“My eagerness to support the statement’s strengths caused me to move too quickly,” president Duane Litfin tells student newspaper.
The Wheaton College student newspaper, The Record, reports today that the influential evangelical college’s president, provost, and chaplain have removed their names from a letter to Muslim leaders that has attracted criticism in some quarters.
“Loving God and Neighbor Together” was published in the November 18, 2007, New York Times as a response to an October statement from 138 Muslim scholars and clerics calling for interfaith cooperation. Wheaton College president Duane Litfin and provost Stanton Jones were among the signatories, along with pastors Rick Warren and Bill Hybels, National Association of Evangelicals president Leith Anderson, Youth With a Mission chairman Lynn Green, Frontiers mission founder Greg Livingstone, theologians Miroslav Volf and John Stott, and Christianity Today Media Group editor-in-chief David Neff.
“I signed the statement because I am committed to the business of peace-making and neighbor-love,” Litfin wrote in The Record. “I did not savor the document’s unnuanced apology section, but swallowed that in order to be a part of reaching out a hand to these Muslim leaders who had courageously taken the initiative. Though the statement was not written in the way I would have written it, it seemed to me that I could sign it without compromising any of my Christian convictions.”
But in the last month, the statement has been sharply criticized by several other evangelical leaders, including Southern Baptist Theological Seminary president Al Mohler, pastor John Piper, and Focus on the Family’s CitizenLink newsletter.
(A Christianity Today news report on the statement and its critics appears in the March issue of the magazine; we’ll post it online shortly.)
Such critiques, Litfin said, prompted him to rethink his signature. “[O]n this occasion my eagerness to support the statement’s strengths caused me to move too quickly,” he wrote. Rereading the statement, he says, he found it was
not carefully enough crafted to avoid encouraging that basic premise of civil religion, i.e., that we are all worshiping the same God, climbing the same mountain, just taking different paths. It appears to me that the statement could have been written so to avoid this problem while still reaching out a gracious hand to these Muslim leaders. … To speak unqualifiedly of “our common love for God,” as if the Quran’s Allah and the God and Father of our Lord Jesus Christ are one and the same, and as if what it means to “love God” in these two faiths means the same thing, is to say more than I am willing to grant. I do not criticize others who do not share these qualms. But as for me, I needed to back away.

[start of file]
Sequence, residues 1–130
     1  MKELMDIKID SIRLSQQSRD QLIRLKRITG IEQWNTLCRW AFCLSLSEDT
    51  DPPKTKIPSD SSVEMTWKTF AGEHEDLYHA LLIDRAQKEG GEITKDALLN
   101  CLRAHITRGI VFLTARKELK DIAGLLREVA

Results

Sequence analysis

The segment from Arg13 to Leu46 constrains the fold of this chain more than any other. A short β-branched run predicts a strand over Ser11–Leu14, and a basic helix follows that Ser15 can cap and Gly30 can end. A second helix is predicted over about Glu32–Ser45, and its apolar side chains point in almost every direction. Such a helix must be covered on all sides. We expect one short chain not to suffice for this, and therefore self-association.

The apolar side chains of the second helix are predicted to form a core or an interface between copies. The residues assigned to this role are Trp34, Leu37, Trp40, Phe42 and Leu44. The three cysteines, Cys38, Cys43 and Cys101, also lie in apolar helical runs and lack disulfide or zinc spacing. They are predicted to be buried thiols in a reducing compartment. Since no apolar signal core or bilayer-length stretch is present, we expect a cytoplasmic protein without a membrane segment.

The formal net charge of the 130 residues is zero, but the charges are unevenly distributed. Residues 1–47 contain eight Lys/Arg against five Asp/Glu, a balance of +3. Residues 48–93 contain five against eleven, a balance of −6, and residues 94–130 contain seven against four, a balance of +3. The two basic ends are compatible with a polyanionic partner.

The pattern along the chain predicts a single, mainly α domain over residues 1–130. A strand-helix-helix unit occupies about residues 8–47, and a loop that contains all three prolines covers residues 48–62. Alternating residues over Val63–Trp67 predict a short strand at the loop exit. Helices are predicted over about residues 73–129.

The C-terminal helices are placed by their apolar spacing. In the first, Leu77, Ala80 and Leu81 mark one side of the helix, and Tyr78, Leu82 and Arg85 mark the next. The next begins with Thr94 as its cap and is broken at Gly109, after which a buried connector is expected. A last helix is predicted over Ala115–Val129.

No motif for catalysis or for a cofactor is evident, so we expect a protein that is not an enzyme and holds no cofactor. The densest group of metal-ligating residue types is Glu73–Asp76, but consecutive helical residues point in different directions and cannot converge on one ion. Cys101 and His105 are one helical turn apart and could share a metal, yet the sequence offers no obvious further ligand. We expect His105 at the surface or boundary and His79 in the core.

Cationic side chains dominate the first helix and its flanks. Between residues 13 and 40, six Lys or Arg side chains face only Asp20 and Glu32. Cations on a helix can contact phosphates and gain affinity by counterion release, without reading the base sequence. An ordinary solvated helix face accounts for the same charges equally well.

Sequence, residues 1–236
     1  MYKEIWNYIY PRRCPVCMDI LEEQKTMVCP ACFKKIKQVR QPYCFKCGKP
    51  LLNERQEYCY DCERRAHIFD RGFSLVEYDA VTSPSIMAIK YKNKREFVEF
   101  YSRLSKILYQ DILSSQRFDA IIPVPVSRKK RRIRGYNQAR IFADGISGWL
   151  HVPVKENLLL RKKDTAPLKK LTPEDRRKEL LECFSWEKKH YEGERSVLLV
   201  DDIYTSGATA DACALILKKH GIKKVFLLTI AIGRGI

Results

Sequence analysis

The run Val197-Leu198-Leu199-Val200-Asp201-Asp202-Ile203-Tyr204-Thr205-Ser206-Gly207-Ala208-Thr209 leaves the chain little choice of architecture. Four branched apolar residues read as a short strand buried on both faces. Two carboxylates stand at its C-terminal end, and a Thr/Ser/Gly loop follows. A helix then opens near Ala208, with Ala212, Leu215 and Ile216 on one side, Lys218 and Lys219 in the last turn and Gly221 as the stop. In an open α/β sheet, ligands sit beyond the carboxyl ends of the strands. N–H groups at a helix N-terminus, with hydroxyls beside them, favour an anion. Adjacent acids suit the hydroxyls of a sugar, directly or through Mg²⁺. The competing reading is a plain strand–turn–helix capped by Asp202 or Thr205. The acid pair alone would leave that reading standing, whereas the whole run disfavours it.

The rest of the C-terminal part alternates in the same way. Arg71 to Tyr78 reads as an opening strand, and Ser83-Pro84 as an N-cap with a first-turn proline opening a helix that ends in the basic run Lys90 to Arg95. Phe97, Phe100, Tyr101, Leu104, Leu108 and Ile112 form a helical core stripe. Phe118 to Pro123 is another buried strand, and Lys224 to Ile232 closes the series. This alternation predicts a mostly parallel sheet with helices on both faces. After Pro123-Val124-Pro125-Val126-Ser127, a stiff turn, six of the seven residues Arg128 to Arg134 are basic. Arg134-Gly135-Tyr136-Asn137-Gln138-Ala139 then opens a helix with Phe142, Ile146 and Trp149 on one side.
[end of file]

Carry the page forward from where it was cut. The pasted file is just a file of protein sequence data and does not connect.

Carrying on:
Litfin emphasized that he was not pressured or even encouraged to take his name off the statement. “No one had suggested it or even knew I was taking this step,’ he said. “It was simply a matter of conscience, combined with the fact that I had put the College on the line in a way I was no longer comfortable in defending.”
And in fact Litfin implicitly answered some critics who had argued that interfaith dialogue undercut evangelism:
As to the related question this incident raises of evangelism and inter-faith dialogue, surely the best answer is a balanced one. If we truly believe the Gospel and love our neighbor, evangelism will lie near the core of our relationships without occupying the whole of it. Our friendships with non-Christians transcend evangelism in the sense that those friendships continue even when Christ is not received. In other words, our friendship is not contingent upon that reception. But nor can any genuine friendship with non-Christians exclude an evangelistic concern. Our relationship may be in pre-evangelistic phase, or evangelistic phase, or a post-evangelistic phase, but a desire to see our friend find Christ must never disappear from the frame. If our love is genuine, we will always retain sight of our friend’s deepest need and stand ready to serve it if the opportunity arises.
Jones and Wheaton College chaplain Stephen Kellough said they agreed with Litfin’s conclusions, and similarly withdrew their names to further distance the college from the statement. Roy Oksnevad, director of Muslim Ministries at Wheaton College’s Billy Graham Center, kept his signature on the document, and told the Record, “I still agree [with the statement]. I don’t have reservations.”
Also of note in the Record this week: presidential candidate Mitt Romney had wanted to hold a rally on the campus two days before Super Tuesday, but was turned away. “Only in extraordinary circumstances do we open the college community to Sunday activities,” Jones told the student paper. “Particularly a political event at noon on Sunday is very incongruent with our religious identity.”